·   Two thirds could not pass competency exams for their grade level

·   These children have the lowest grade point average of any group of
    students with disabilities.
    Statistics and Research Cont.

·   Forty-four percent failed one or more courses in their most recent
    school year.

·   They have a higher absenteeism rate than any other disability
    category (missing an average of 18 days of school per year).

·   Forty-eight percent drop out of high school, compared with 30% of all
    students with disabilities and 24% of all high school students.

·   Over 50% are not employed within 2 years of exiting school.

  What to do when you have this type of
    disability in YOUR classroom?

· First of all the student will need to have an IEP in place
  for them.

· There are several considerations to take in when
  planning for this student.

· Break into groups of 3 or 4 and discuss some ways in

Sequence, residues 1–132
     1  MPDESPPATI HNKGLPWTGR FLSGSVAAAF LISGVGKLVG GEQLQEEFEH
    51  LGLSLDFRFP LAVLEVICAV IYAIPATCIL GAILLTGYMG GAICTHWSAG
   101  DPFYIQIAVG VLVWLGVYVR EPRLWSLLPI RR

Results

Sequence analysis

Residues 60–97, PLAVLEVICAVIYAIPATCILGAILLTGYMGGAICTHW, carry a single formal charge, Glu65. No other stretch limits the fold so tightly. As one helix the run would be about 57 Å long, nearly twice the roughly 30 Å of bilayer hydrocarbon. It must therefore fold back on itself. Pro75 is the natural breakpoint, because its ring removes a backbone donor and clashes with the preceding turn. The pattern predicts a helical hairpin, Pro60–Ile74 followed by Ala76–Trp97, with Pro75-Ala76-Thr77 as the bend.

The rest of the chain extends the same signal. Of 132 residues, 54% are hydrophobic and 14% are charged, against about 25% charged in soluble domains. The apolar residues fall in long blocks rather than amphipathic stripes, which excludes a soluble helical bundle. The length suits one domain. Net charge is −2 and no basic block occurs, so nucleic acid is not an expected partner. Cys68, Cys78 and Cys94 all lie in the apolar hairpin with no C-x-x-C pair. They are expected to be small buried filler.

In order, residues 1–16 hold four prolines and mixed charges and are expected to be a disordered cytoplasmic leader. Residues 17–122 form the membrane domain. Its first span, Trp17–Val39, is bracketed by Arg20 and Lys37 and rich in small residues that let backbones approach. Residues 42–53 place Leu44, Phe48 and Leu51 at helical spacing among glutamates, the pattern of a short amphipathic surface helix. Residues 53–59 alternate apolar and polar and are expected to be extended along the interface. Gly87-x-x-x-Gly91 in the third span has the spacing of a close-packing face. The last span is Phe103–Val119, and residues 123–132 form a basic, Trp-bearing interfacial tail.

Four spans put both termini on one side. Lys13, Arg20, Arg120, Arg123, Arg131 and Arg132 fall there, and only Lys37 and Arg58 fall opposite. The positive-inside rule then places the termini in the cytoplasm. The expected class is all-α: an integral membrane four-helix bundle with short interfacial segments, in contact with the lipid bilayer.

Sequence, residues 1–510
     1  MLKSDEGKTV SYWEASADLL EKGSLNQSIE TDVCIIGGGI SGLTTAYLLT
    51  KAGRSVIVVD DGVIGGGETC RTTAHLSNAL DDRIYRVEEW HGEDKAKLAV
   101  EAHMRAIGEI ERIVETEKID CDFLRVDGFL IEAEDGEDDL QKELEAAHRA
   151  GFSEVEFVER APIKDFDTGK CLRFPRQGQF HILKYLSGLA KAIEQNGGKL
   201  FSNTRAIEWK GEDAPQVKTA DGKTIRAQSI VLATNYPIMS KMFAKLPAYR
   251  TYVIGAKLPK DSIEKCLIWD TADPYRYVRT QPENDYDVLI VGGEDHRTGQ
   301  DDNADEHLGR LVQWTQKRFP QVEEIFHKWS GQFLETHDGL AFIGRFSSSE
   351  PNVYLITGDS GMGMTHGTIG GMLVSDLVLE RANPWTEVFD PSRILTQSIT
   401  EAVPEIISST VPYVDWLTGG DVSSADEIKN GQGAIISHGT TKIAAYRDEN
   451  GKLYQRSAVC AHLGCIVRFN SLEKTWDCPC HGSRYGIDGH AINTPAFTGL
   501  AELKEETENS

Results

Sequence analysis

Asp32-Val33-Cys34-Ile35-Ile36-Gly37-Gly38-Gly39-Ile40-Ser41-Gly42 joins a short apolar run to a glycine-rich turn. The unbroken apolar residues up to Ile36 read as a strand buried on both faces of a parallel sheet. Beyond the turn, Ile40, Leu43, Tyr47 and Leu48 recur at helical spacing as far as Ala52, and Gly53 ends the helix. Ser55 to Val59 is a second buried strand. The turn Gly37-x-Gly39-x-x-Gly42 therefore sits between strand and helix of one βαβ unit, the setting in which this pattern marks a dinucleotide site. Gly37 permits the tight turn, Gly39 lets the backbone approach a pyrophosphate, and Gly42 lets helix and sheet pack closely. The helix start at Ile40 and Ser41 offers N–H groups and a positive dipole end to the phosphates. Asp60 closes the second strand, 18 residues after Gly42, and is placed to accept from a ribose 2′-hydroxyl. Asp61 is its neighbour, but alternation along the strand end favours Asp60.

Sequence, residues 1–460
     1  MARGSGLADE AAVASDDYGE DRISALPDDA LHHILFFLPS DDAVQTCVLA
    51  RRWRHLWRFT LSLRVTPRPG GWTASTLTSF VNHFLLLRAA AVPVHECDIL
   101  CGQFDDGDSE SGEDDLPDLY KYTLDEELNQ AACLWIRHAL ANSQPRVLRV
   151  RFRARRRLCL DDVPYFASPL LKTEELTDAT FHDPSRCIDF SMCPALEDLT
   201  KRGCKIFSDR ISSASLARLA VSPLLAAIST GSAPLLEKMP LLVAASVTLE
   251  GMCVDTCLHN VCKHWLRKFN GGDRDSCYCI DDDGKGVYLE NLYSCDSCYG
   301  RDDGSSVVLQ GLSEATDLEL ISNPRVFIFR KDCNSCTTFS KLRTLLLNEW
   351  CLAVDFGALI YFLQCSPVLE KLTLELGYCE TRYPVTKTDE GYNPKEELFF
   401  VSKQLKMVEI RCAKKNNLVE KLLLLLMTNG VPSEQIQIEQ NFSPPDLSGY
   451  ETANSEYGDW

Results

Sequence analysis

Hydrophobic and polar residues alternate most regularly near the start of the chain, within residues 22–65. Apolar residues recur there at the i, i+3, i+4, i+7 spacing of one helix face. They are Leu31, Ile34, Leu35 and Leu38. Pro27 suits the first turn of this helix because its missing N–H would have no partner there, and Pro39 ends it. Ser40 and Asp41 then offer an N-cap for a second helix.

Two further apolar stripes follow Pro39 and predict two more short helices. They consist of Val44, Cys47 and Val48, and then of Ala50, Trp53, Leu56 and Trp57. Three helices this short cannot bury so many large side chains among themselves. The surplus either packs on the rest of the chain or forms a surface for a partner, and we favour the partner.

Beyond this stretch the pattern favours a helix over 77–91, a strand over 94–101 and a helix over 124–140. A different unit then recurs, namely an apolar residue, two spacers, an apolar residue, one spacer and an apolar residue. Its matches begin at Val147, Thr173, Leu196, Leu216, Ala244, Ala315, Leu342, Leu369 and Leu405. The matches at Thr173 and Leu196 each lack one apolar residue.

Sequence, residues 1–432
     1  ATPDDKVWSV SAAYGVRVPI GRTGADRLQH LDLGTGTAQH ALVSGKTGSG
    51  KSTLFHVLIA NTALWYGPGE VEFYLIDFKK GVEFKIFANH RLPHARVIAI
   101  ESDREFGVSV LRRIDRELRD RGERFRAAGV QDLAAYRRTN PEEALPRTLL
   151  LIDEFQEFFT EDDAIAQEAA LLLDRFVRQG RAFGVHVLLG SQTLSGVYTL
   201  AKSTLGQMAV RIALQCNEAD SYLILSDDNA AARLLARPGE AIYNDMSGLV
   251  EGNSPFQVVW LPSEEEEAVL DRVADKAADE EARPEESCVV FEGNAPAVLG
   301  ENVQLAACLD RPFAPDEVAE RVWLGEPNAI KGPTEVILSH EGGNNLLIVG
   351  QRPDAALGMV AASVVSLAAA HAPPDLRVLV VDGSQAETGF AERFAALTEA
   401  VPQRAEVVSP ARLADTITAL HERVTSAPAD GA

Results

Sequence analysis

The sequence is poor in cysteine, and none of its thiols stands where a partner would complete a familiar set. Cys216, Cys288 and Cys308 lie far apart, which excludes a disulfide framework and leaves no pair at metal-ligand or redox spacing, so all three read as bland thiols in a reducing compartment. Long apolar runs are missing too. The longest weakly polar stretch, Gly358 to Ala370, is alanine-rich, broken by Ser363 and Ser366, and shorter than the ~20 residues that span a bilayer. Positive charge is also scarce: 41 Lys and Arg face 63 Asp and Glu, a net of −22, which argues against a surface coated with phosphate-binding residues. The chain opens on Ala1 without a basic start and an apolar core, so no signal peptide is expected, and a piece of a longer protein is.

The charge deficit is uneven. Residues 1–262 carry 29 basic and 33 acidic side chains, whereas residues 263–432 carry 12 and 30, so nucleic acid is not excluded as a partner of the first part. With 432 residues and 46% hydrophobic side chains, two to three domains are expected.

which you think you could modify your classroom to
  accommodate a student with this disability. (3 minutes)
             Helpful Tips

· General Considerations
  ·   Many breaks throughout the day
  ·   Avoid speaking in harsh tones
  ·   Have set schedules
  ·   Have a clean, neat, and well organized
           Helpful Tips

· Student-Teacher Interactions
  · “Mini-conferences” (private
  · Use praise in appropriate situations
  · Ask former teacher’s, parents, and
    consultants for helpful suggestions
              Helpful Tips

· Academic Considerations
  ·   Make a contract
  ·   Plan work according to the child’s abilities
  ·   Break down assignments
  ·   Encourage them to participate
            Helpful Tips

· Behavior Management Considerations
  · Be consistent with classroom rules (quiz
  · Proximity control
  · Avoid power struggles
  · Use external controls (such as a timer)
  · Encourage extra curricular activities
  · Have a “chill out” area

  *Pages 43-49 in Pierangelo for more information*

Mitchell, C. (2009) Emotional and Behavioral Disorders. Retrieved
   June 24, 2009, from

Pierangelo, R. Giuliani, G. (2001). What Every Teacher Should
   Know About Students With Special Needs. Champaign, Illinois
   : Research Press.